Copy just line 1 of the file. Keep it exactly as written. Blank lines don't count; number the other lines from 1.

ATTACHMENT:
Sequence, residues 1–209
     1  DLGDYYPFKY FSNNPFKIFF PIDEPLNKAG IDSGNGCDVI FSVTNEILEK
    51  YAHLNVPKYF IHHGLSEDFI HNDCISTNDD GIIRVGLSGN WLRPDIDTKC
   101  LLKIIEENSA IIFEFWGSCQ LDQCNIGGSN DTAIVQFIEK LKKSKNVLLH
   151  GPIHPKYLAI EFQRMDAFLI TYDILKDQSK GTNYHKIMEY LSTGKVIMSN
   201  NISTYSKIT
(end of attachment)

Sequence, residues 1–209